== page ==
Toxic Workplace Culture
If you are feeling physically and mentally healthy on weekends–when you are away from the office–but as soon as you return to work, doom, gloom, physical pain and mental stress sets in and consumes you, it could be that you are working in a toxic workplace culture.
Toxic Bosses and Co-Workers
It could be that you have a toxic boss, who is impossible to satisfy. His demands may be unrealistic and unreasonable. Often, a toxic personality will persist on belittling his employees. Another characteristic of a toxic boss or co-worker is a propensity for visually scanning you from head to toe. This is sending a message that you are smaller than he is, notes Zannah Hackett, the author of “The Ancient Wisdom of Matching-Making.”
Verbal clues, such as these, let you know that you are being non-verbally belittled, which is as bad as being verbally slammed. An insecure, toxic person may avoid making eye contact with you, constantly shift and rifle through papers when talking to you.
Leadership-and-Motivation-Training.com points out that signs of a toxic work culture include poorly performed work, a high rate of customer complaints, foul language, numerous employee compensation claims, racist or sexist comments, intimidation, employees not turning up for work-related social events, people refusing to pitch in and lots of personality conflicts.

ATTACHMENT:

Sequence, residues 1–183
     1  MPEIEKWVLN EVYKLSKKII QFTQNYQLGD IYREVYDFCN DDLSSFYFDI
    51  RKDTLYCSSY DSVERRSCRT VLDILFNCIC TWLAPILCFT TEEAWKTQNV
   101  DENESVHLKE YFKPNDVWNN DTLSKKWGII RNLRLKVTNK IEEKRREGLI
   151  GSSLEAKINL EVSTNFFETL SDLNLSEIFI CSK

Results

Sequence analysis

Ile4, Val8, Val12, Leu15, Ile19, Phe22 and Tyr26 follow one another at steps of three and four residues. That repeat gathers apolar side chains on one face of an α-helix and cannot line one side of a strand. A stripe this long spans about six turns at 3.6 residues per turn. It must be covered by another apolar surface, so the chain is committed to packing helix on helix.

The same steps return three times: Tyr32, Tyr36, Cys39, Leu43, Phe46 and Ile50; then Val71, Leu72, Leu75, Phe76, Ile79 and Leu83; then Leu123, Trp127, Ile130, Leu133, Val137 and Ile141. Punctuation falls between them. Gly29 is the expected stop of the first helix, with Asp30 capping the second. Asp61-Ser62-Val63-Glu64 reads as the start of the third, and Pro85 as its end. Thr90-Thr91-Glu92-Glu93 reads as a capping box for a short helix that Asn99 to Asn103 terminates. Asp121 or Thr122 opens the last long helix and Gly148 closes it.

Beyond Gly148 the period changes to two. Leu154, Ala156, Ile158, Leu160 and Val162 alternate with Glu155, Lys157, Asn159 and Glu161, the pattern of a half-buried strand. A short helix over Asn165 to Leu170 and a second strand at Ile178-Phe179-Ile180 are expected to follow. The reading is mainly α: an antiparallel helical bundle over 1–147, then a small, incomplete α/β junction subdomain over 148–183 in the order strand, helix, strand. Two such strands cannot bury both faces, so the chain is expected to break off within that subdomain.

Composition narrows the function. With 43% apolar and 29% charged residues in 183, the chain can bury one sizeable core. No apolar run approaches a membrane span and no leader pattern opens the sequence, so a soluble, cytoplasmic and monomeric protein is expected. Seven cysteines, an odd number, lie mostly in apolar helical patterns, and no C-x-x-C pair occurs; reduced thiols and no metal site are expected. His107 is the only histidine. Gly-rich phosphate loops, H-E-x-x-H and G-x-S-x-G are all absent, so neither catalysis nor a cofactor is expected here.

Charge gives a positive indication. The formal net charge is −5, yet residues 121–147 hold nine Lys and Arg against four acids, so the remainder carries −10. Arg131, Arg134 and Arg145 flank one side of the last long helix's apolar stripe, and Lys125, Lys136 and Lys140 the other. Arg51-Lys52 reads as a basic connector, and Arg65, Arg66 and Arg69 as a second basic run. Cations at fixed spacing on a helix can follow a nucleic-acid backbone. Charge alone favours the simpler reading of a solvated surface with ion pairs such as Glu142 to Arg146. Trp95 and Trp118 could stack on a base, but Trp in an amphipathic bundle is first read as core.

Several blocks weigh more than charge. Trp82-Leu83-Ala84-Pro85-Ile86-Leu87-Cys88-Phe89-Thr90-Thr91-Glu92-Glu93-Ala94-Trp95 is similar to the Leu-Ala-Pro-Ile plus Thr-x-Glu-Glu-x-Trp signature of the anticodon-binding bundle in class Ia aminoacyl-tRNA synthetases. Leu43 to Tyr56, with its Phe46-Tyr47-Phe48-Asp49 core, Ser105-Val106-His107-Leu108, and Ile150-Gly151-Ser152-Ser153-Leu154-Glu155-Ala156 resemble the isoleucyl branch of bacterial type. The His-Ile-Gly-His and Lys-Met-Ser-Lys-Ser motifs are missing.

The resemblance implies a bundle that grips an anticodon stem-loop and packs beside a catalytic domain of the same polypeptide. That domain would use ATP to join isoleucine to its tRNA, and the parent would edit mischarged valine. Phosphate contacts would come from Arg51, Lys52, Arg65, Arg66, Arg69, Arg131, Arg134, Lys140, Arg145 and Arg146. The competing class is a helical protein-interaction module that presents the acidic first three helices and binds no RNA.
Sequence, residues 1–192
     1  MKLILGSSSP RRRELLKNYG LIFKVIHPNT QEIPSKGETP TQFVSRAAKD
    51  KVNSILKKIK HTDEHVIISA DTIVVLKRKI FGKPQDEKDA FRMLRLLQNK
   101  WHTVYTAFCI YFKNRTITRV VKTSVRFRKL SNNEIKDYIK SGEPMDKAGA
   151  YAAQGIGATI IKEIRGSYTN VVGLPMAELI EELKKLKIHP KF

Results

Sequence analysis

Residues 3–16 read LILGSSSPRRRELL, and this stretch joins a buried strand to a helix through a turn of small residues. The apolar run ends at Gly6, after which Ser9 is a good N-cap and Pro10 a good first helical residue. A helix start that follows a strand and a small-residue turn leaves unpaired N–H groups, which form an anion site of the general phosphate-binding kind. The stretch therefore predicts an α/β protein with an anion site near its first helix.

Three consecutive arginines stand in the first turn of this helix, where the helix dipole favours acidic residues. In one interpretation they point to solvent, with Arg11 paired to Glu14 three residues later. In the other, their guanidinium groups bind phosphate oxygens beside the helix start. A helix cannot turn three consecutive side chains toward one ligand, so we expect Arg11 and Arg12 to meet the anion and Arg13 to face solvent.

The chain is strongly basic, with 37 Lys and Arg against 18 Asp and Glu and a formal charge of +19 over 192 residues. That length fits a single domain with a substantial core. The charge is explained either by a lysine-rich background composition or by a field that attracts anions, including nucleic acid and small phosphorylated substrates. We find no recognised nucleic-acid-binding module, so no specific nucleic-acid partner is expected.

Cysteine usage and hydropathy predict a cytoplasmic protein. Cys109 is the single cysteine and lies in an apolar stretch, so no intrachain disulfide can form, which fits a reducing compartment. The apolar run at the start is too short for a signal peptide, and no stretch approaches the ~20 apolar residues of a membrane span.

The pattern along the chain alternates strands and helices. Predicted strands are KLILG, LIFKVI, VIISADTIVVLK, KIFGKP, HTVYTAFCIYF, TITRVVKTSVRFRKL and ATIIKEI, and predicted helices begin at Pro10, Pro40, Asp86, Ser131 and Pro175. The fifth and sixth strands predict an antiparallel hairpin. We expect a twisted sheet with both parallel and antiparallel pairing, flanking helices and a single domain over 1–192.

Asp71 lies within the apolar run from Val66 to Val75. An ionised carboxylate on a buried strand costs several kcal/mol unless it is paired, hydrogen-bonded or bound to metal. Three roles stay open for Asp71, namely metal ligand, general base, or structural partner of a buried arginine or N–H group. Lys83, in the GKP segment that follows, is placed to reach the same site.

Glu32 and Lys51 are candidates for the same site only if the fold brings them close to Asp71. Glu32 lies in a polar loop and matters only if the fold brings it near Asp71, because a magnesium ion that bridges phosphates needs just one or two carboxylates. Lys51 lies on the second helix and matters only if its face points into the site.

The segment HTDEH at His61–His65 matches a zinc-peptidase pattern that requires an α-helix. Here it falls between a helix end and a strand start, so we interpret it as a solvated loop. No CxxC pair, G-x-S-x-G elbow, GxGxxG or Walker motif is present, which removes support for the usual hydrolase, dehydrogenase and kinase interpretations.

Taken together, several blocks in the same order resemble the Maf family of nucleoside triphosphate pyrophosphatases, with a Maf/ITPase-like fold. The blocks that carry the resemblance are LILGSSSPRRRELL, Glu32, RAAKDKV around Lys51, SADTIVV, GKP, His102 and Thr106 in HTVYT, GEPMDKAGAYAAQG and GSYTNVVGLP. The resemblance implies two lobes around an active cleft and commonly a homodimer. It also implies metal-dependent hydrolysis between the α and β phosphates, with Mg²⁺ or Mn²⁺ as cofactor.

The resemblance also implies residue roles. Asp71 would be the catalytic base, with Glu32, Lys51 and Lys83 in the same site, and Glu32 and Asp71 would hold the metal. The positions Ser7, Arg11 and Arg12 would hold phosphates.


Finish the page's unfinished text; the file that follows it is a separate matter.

Sometimes a culture of bullying is encouraged in the workplace. This is a toxic environment at its worst, explains BullyFreeWork.com, where people are afraid to speak up in fear of retaliation and workers frequently call in sick.
In a toxic workplace, the employees and employers spend an inordinate amount of time blaming one another for mistakes, and employees are humiliated or ridiculed in front of other workers.
A company should have a harassment policy in place and it should be implemented. However, you may find that it is impossible to remedy the situation. Sometimes, for your own well-being and sanity, you have to move on and get out of the toxic work environment.
Tour your workplace and note which areas of work appear to be highly toxic and those which are not. Note the difference in leadership styles in each department, especially those that are non-toxic. Contemplate how you feel about your job. If you don’t have passion and excitement for your job, and are actually harboring toxic feelings, it may be that you are contributing to the toxic environment, notes Leadership-and-Motivation-Training.com.
A good way to figure out how toxic you are and how you may be contributing to an unpleasant work environment is to take the toxic quiz offered by Learning-and-Motivation-Training.com. This is for your entertainment, but it may reveal aspects of your work personality and how you interact with others. It may also give you some insight into people that you work for or with.
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